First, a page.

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    Well I highly doubt that it's connected wrong... those 6/8 pin adapters are more or less fool proof. As for the 12V rail stuff.. don't worry about it. It's just a figure that you should look for when purchasing a PSU. Simply put, a video card has a few power requirements, one of them being amps. When a video card needs 40A on the 12V Rail(s), just look for a PSU that can supply it... (ie. If that PSU has 10A on each rail, and has 5 12V rails, that's 50A on "the 12V rail"). Long story short: You're fine, Amp wise...


    I would say it sounds like you have a faulty video card... my "old" 8800GT would get crazy hot, even with a great case and ventilation, so I really doubt it's that... those cores (as mentioned) can get around 80-90C during heavy lifting. Do you see any artifacts or anything on the screen before it shuts off? Which manufacturer makes your video card? I would look into replacing it..
     
  6. Pryomancer

    Pryomancer Well-Known Member

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    Your mobo has an integrated gpu anyway which it would revert to, but if the gfx card was broken the mobo would beep to alert you.

    Modern cards can actually stand well above 100c for short periods. Check the manual for recommended temperatures. Get speedfan or check in your BIOS.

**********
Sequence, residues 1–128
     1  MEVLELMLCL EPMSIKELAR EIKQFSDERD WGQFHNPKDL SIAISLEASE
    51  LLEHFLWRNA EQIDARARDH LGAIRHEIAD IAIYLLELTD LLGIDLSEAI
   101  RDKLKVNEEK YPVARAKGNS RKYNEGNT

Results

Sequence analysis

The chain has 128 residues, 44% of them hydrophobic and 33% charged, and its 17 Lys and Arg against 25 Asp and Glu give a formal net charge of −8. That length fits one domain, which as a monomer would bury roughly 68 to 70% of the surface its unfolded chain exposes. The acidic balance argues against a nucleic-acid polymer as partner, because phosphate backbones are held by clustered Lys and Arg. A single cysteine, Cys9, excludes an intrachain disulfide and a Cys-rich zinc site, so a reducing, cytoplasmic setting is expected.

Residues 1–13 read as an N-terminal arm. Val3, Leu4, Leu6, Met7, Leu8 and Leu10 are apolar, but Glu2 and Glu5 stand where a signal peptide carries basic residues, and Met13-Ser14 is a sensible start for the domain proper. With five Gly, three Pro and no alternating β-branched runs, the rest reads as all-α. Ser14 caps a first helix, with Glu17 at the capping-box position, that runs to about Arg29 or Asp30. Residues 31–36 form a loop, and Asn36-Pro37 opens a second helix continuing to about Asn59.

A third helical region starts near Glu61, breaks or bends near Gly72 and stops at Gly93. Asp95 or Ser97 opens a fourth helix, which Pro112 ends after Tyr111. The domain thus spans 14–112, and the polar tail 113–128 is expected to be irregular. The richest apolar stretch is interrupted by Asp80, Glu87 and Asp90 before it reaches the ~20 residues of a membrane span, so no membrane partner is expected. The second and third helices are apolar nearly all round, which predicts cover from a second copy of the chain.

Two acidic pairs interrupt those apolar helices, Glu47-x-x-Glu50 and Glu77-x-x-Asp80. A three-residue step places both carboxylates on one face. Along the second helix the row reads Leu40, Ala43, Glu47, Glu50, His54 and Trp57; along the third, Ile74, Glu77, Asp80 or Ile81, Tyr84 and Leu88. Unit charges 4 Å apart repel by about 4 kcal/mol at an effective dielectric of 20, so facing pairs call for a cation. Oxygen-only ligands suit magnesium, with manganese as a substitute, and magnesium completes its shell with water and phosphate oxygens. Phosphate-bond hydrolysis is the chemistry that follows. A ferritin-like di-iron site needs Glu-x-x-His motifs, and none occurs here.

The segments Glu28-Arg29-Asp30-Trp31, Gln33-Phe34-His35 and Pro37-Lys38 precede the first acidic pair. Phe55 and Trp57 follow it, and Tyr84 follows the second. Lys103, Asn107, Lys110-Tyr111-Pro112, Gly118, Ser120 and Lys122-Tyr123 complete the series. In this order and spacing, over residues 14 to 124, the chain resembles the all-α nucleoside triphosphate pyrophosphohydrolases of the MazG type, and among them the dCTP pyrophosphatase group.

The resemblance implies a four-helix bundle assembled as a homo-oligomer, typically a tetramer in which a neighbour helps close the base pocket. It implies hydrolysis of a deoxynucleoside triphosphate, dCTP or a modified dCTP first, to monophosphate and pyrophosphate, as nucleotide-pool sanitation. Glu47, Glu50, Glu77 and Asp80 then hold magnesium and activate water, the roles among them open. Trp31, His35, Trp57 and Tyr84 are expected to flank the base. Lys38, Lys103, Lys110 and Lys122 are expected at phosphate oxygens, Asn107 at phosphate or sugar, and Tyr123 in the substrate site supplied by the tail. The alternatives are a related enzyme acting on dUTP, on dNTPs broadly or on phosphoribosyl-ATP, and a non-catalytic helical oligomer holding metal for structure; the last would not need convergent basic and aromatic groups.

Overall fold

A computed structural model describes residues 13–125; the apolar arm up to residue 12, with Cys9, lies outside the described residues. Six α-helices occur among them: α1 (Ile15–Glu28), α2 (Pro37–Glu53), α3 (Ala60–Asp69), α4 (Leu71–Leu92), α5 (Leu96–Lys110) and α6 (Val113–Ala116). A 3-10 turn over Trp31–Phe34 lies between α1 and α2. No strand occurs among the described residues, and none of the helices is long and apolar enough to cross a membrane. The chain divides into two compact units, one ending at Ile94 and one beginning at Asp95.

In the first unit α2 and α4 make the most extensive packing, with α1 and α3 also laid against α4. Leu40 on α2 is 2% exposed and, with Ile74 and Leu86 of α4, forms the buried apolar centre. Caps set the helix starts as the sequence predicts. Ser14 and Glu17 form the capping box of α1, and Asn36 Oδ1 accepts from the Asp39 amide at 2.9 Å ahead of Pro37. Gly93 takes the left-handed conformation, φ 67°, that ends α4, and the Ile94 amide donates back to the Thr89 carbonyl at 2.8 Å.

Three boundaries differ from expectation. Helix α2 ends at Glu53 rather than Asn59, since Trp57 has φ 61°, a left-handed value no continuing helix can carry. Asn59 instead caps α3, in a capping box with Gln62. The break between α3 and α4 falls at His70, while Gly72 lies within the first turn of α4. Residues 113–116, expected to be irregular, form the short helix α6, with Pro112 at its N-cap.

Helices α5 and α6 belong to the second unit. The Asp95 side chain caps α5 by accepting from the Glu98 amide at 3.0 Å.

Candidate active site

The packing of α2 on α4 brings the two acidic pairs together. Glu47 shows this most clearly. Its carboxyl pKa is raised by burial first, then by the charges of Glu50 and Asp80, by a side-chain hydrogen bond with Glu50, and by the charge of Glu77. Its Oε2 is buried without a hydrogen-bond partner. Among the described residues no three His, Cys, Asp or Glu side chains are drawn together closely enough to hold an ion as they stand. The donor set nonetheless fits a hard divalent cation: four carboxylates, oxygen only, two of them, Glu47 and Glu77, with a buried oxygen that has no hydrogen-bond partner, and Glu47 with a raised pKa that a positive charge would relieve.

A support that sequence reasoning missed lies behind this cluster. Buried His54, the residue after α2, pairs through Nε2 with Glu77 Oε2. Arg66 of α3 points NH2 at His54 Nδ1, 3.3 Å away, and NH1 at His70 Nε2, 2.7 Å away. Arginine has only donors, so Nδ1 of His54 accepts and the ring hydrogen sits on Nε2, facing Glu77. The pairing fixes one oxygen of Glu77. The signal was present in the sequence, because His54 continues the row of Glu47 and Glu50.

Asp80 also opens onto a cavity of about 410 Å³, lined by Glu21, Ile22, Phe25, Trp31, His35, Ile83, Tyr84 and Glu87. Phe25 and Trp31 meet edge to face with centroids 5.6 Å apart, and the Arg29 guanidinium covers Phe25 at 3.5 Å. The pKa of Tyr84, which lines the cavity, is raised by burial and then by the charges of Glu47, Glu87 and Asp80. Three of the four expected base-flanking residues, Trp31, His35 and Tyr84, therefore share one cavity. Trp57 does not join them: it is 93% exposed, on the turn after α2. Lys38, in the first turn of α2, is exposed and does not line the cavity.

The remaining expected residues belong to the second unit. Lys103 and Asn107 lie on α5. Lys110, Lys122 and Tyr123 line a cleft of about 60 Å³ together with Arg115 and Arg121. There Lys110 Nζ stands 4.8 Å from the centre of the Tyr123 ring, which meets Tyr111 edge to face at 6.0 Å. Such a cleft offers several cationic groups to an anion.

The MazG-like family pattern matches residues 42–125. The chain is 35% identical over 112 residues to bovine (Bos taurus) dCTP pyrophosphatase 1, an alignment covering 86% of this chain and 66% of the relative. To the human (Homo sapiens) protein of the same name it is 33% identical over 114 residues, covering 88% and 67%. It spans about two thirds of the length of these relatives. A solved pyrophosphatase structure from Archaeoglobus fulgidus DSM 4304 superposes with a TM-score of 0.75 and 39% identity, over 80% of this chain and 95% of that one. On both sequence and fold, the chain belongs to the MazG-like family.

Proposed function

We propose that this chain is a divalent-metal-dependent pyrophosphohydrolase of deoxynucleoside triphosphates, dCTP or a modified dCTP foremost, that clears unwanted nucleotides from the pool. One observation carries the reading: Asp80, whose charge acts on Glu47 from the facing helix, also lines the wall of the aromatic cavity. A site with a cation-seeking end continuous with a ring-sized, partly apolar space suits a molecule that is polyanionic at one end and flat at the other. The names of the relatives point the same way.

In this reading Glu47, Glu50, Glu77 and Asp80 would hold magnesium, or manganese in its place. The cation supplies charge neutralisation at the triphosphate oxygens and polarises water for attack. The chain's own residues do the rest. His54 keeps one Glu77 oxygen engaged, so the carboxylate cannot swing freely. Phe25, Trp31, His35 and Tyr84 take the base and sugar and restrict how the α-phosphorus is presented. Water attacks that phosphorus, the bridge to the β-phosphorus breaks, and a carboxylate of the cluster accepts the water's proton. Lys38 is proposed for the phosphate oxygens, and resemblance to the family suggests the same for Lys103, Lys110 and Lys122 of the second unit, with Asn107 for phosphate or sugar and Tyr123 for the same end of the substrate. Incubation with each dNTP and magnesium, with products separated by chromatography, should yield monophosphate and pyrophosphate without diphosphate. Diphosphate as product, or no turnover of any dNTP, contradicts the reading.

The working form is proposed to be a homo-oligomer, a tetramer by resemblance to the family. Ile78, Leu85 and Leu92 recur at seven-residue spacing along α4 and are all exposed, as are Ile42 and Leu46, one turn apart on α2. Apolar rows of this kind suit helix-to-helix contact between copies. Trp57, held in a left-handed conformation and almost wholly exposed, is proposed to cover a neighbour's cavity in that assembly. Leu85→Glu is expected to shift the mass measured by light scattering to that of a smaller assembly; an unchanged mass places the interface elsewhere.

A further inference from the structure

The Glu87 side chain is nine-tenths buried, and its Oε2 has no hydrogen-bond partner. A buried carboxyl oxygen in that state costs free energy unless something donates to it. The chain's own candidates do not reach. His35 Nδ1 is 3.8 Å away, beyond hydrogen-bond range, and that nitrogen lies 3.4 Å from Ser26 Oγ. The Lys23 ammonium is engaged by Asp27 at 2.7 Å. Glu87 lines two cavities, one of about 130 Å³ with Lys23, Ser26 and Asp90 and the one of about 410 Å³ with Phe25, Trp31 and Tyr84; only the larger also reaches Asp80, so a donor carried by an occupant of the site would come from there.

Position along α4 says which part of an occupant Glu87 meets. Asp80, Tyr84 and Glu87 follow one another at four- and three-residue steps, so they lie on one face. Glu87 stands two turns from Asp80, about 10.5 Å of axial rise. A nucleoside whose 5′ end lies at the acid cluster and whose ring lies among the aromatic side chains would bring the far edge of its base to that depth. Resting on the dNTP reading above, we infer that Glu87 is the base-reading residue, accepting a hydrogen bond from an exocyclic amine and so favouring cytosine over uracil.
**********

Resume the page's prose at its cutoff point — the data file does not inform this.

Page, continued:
The pin connectors are fine to work with less pins than they have, they're designed to work like that.
     
  7. Slug

    Slug Check six! Moderator

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    That PSU is certified for 3-way SLI so should have no trouble coping with a single GTX 285. Are the PCIe power cables correctly connected to the red or blue sockets on the PSU? When it's powered up can you verify that the GPU fan is working?
     
  8. cmo429

    cmo429 Member This Topic's Starter

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    I forgot to mention that when I do start up a game I hear a quick buzz from the graphics card then receive this message: "Display Driver Stopped Responding and Has Recovered." I can also confirm that the fan IS spinning on the GPU.

    Here are some pics of the PSU if that helps.

    I have the top blue PCIe (8-pin) connected to the PSU (12-pin)
     

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  9. Slug

    Slug Check six! Moderator

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    That may be down to funky Nvidia drivers.... tried booting in Safe Mode?